Review: Morild – Så Kom Mørket…
What a bummer.
I’d say the question of whether or not “blackgaze” is a fad has been settled. Like it or not, it sure doesn’t seem like the genre is going away again any time soon. That leaves the question of where to take the genre from here. One thing is certain: Morild‘s debut brings on the proper sadboi vibes, but does it offer something beyond that? Before we dive in, let’s have a look at the peculiarly long album title. While it looks ridiculous spelled out in one go, arranging it in lines reveals not only a poem, but also the tracklist of the album:
Så kom mørket og tog mig på ordet
En sort sky af minder
I afgørende stunder
Frosset fast til mit indre
Jeg håber det forsvinder med lyset
At dø eller blive fri
According to Google, this roughly translates to “Then came the darkness and took me to the floor / A black cloud of memories / In crucial moments / Frozen to my interior / I hope it disappears with the light / To die or be free.” A good indicator of the mood that the album goes for – and that impression is confirmed by the intro track (yeah it’s four minutes and has vocals, but it’s different enough from the rest that I’ll still call it an intro). Lurching drums plod through murky-as-hell background noise, and tortured vocals round out the picture of utter despair. Thankfully, melancholy synths struggle valiantly to make it through the muck, otherwise that whole bit about blackgaze would have been for naught. As dark as the album gets, melodic and quieter parts are never too far away. The second track seems to try to do its darndest to extinguish the light, but around the two-minute mark, the aggression gives way to good ol’ sadness, which subtly accompanies the song from here on out.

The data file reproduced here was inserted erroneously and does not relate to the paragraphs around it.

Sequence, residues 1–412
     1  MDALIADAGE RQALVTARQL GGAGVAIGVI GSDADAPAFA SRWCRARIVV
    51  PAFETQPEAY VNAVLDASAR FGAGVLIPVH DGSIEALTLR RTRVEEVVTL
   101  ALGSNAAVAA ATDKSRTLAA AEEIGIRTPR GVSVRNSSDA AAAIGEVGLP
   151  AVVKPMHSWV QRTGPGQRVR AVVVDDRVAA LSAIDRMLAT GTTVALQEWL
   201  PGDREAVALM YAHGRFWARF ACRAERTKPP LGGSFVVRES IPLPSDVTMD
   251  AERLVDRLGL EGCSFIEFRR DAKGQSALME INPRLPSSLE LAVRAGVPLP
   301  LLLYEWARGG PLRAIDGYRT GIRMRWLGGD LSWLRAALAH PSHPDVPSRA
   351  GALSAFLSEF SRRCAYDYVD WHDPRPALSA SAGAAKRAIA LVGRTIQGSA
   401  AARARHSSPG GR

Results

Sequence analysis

“I afgørende stunder” gives in to that sadness, dragging itself through anguish at a doomy pace, before “Frosset…” slowly picks things up again. The song eventually ramps all the way up to the aggression from the second track, but there’s a beautiful choir part and a lengthy detour through quieter territory along the way. The latter makes me wonder if the interlude track “Jeg håber…” is really necessary; I don’t feel like I need another breather at this point. It’s far from unpleasant and does add a new facet to the sound, but ends up going on for a bit too long. Abundantly refreshed, the band gathers their strength for one last hurrah: “At dø eller blive fri” takes us through everything we’ve just heard, the highs and the lows, the blasts and the slows, and introduces a stabbing, dramatic synth line at the end before fizzling out. If you want a summary of the album, just skip right to this track.
To answer the initial question, blackgaze doesn’t exactly make leaps and bounds with Morild. The misery is upped a fair bit, even bringing it close to depressive black metal at times, but if you’re no fan of the genre, this is not likely to sway you. If, however, you’re looking for a darker version of their countrymen Møl or are generally in the mood for gloom, you could do a lot worse. I give it